ALANDA GREENE learns something precious from an interaction between two complete strangers in a grocery store. All it takes is a little care to change the world.
For 24 years, I taught in a public school system. Most of those years were with 12- and 13-year-olds, usually an intense period for young humans. Navigating the changes from childhood to adolescence, entering the unknown territory of emotional upheaval, feeling at the mercy of wild mood swings, erratic reactions, strange longings, attractions, and revulsions – it’s a challenging time emotionally without the added stress of difficult or dysfunctional home environments.
I taught in a small Kindergarten-to-grade-12 school in an isolated rural area, where the families of students in the school were members of the community and the context of their lives known. A wide range of contexts was there. Through the years, observing some of the children who came from particularly difficult and dysfunctional environments, I wondered more and more what gave some of them the ability to maintain a core balance and ability to keep basically healthy emotionally, while others floundered and displayed considerable inability to function in a healthy way.
Some of the conditions these students experienced included physical, sexual, and verbal abuse, exposure to serious drug addiction, family violence, parental break-ups, sequential partner relationships, and a considerable absence of security. In the midst of such challenges were students who managed to find their way, hurting of course, yet over the years showing a resilience that remained remarkable as they found healthy means to manage their own emotional lives. How was this quality strengthened and nurtured? What was the key ingredient that made the difference?
Some years ago, I attended an international four-day conference titled Resilient Children, Resilient Communities, which brought together people from around the world to share research and experience. The strongest message for me from the conference was several decades of research on the topic of resiliency in children living in traumatic situations. The presenter began this research because he also questioned what gave some children the resilience to thrive while others seemed unable to move beyond their difficulties. He concluded that the positive influence of just one caring person in the life of a child in a difficult situation could make all the difference. It could be a grandparent, a teacher, a neighbour. It only took one.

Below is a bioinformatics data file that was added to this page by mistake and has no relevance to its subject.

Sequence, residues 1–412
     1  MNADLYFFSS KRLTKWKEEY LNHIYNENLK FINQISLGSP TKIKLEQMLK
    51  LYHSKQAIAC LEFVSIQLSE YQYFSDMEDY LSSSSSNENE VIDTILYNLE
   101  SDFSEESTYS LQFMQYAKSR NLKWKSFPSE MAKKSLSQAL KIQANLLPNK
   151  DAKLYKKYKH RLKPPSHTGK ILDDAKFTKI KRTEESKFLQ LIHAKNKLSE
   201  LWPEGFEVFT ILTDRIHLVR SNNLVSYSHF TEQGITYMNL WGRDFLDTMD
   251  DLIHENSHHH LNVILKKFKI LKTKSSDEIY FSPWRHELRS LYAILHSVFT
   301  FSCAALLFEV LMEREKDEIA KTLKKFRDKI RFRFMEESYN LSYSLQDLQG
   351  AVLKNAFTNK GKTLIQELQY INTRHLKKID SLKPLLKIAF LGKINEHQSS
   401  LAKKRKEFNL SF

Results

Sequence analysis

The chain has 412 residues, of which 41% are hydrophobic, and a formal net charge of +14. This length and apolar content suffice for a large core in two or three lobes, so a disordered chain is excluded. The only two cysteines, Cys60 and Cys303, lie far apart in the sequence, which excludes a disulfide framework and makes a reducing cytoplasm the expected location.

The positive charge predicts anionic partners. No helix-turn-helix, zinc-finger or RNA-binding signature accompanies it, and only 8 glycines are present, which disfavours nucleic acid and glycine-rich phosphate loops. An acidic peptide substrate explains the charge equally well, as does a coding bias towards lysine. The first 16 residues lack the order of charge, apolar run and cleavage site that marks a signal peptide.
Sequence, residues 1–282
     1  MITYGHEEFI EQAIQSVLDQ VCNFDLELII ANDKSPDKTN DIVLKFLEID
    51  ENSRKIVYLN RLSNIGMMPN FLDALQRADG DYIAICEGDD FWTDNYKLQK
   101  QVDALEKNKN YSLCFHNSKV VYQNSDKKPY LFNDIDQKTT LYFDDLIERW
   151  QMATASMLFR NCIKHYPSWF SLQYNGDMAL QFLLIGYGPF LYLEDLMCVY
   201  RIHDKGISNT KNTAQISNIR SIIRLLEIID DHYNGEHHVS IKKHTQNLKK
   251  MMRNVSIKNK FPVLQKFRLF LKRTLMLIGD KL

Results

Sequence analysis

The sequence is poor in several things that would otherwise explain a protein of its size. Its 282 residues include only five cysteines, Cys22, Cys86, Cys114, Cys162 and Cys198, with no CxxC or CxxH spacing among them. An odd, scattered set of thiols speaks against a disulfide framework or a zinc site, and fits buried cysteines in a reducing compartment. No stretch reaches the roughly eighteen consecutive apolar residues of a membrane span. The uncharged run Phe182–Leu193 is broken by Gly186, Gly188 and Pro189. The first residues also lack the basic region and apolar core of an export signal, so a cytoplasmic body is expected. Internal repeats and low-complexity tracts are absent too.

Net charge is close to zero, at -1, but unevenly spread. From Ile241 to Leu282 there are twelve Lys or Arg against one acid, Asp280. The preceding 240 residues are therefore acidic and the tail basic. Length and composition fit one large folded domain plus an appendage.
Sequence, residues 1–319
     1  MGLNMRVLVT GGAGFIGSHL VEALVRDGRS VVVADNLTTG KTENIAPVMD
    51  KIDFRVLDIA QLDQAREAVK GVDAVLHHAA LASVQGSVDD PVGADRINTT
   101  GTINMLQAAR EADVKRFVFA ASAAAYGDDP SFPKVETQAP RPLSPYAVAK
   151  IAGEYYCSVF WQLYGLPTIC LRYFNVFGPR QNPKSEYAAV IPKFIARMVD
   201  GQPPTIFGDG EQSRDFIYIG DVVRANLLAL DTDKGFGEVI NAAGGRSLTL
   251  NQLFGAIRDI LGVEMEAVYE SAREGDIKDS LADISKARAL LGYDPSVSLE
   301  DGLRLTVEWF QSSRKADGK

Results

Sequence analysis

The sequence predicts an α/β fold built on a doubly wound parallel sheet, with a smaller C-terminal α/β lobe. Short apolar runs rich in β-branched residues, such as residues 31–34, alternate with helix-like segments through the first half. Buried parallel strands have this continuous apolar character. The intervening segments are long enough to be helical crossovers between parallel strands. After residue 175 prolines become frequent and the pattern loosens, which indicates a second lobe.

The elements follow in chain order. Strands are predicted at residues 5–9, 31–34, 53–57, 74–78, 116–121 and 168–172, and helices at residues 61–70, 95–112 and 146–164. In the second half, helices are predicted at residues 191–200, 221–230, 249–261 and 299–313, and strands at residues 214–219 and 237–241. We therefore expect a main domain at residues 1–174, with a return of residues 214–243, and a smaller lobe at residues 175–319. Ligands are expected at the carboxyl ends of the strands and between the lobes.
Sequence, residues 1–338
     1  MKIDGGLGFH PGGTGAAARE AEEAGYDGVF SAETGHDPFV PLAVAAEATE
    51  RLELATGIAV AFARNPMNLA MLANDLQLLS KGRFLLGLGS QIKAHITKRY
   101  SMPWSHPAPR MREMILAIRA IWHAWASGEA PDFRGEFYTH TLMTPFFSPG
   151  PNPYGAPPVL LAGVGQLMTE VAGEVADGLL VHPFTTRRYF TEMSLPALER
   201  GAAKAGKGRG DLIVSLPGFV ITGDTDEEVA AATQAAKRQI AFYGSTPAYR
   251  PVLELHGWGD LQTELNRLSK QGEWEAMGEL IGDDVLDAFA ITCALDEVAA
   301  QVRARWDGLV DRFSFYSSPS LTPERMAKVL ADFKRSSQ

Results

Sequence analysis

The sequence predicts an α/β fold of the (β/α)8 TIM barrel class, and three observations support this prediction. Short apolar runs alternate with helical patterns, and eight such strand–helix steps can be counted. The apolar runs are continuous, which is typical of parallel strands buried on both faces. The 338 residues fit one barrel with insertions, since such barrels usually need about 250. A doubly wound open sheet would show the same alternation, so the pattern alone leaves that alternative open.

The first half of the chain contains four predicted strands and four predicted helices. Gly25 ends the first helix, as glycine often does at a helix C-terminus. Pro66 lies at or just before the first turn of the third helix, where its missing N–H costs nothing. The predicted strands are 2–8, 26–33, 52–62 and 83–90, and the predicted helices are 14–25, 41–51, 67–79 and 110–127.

With a cadre of caring teachers in our small school, who knew the context of some of these difficult cases, some of us were able to be that one person to offer emotional support through non-judgmental listening, being present, giving sincere attention, and having conversations. The difficult situation didn’t need to be addressed, but heartfelt interest in the person seemed to provide the missing nourishment.
The research showed me that anyone, at any time, can be the person who gives interest, caring, and presence in their interaction. Children who don’t receive this grow up to have adult bodies but are still missing that key piece of nurturance. It can be received at any time. Children in adult bodies can respond to sincere caring, and their emotional well-being can still be nourished.
A few months before the pandemic began, I waited in line at a grocery
store where the cashier was incredibly slow, seeming to stall on almost
every item she entered. I figured she must be new and wondered why there
was no one assisting her. My trips to town are infrequent and include a
ferry ride and a 40-minute drive. It’s a long wait if the ferry is
missed. I noted my irritation building at her slowness and errors. I
kept looking at my watch. Finally, the line moved to the person in front
of me. This man too had been waiting a long time.
He looked at the young woman and in a caring voice asked, “So how’s your day going?”
She looked at him, tears welled in her eyes, and answered, “Not too well.”
“I’m sorry to hear that,” he replied. “Just take your time.”
I was amazed to see how this small interaction had such an effect on the young woman. Her slouched posture changed to an upright one, she looked at the items he was buying with focus and seemed to give her work re-newed effort. Someone had noticed her, looked at her, and spoken with kindness. I felt ashamed of my self-centered impatience, stepped forward for my purchases, and emulated the example he had shown: a smile, a comment about the weather, sincere thanks when done. She smiled back and held the posture and interest that would help her move this work along. Whatever was causing her bad day, and we rarely know what is going on in a person’s life, a shift happened. Neither the man ahead nor I could fix her problems, or the many problems people face in this world, in the same way that as a teacher I couldn’t fix the problems of my students, but I could infuse an energy of genuine care.
Each of us can choose to be a caring influence, offering connection and presence. These small moments, gestures, speech have huge potential to positively influence the emotional well-being of others. And from that small change, a new direction can be set, new possibility.
Anyone looking at the challenges of our world can see that so many people are facing difficulties. Thinking of fixing the difficulties feels overwhelming and hopeless. Yet remembering the students who overcame their situation, remembering the impact that kind man had on the young cashier, I am inspired that this is something I can do. Small choices of heartfelt care make a difference.